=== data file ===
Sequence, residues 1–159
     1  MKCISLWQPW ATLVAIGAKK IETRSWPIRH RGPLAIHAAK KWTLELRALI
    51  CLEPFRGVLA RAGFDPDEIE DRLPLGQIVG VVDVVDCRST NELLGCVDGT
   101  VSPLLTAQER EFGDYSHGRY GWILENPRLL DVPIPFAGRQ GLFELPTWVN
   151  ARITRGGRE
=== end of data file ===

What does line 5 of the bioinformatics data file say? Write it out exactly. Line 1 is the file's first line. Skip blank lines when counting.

   151  ARITRGGRE